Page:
It’s not unusual to hear people complaining about tiredness multiple times a day, but why? Sleep is fundamental to human health, but because it’s so private, there are few tools for measuring how much sleep everyone is getting at scale. Existing methods use time diaries, sleep surveys, sleep laboratories or, more recently, wearable technology to measure sleep. But none of these approaches is ready to tackle a global sleep-loss pandemic.
Also read: Why stress is good for you, sometimes
A Monash University study asked a different question: could the massive data we all generate when connecting to and disconnecting from the internet help researchers understand sleep?
As internet addresses go online and offline through the day, they track the daily human behavioural cycle: a trough in the early hours, followed by rising activity through the day to a peak in the evening, and then a sharp drop-off overnight.
And yet, no two cycles are the same: day of the week matters (heading downtown Friday night depresses internet activity), stay-at-home orders certainly matter (we go online earlier and longer), and even dips in activity during prayer times during Ramadan are visible in traditionally Muslim regions.
The American Time Use Survey (ATUS) asks Americans about their previous day’s activities, including when they woke up and when they went to sleep. The Monash study used survey data for 81 US cities over a six-year period to calculate when residents slept and woke up each year, then used internet activity-data to make the same calculation.
The researchers then trained a machine-learning algorithm to track how changes in internet use over a day relate to the average waking and sleeping times in each city.
When asked to predict the expected average sleep duration for a city the algorithm had never seen before, it was accurate to within 20 minutes. When estimating the average morning wake-up time, it was accurate to within nine minutes.
The researchers repeated this result when using daily electricity-demand data instead of internet data to predict sleep. But there’s something fundamentally different about internet-activity measurements compared to electricity-demand data: global availability. The US has a highly functioning electricity bureaucracy, but not all countries do. Internet-activity measurement, on the other hand, can be remotely and consistently measured for any internet-connected device on the planet.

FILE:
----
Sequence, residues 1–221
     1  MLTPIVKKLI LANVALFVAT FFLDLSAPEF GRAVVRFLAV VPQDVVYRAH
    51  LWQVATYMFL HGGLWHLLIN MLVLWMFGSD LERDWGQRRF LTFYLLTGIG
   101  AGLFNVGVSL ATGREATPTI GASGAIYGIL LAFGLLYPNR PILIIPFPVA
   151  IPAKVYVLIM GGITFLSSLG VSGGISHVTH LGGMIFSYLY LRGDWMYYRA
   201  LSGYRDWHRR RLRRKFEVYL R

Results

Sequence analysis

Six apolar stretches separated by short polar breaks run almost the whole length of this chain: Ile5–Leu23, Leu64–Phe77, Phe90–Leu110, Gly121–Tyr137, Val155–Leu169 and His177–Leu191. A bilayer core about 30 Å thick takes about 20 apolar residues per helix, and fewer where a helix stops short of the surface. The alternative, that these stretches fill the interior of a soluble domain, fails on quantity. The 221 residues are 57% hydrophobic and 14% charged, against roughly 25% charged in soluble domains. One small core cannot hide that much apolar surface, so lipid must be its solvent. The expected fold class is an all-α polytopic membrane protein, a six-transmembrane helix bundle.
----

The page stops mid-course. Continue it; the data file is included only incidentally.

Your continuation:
This suggests the amount of sleep we are collectively getting can be estimated for any (internet-connected) city on the planet in near real time.
This kind of research has a huge range of applications, including impact mapping during natural disasters, documenting internet shutdowns associated with human-rights violations, and even providing internet-availability assessments during the Russo-Ukrainian war.
Whether this approach can be applied globally remains to be seen. The technology and sleep habits of Americans may be unique. If so, an Artificial Intelligence (AI) model that learns the internet–sleep association in the US will fall down outside its borders. Another potential pitfall is internet patterns are likely affected by the technology mix at play – the internet signature of a ‘mobile-first’ continent such as Africa could be vastly different to that of North America, which relies heavily on fixed broadband internet.
Like so many challenges in the application of AI to health sciences, the answer to both hurdles lies with widening the training pool for the model. The more measurements researchers have from traditional sleep studies, in more countries, cultures and technology contexts, the more confidence they can have in any model prediction.
Should a global sleep observatory (from internet measurements) arise, population health and sleep scientists will perhaps gain the most.
If major shifts in internet use reveal similar changes in sleep patterns, researchers may flock to the field and use more precise tools to investigate further. Likewise, significant global shocks such as pandemics and recessions can be studied in near real time for their impact on our sleep, prompting the right public health messaging around mental health and sleep, better technology and app design, and timely education around the importance of sleep in times of stress.
Also read: Why children need at least 9 hours of sleep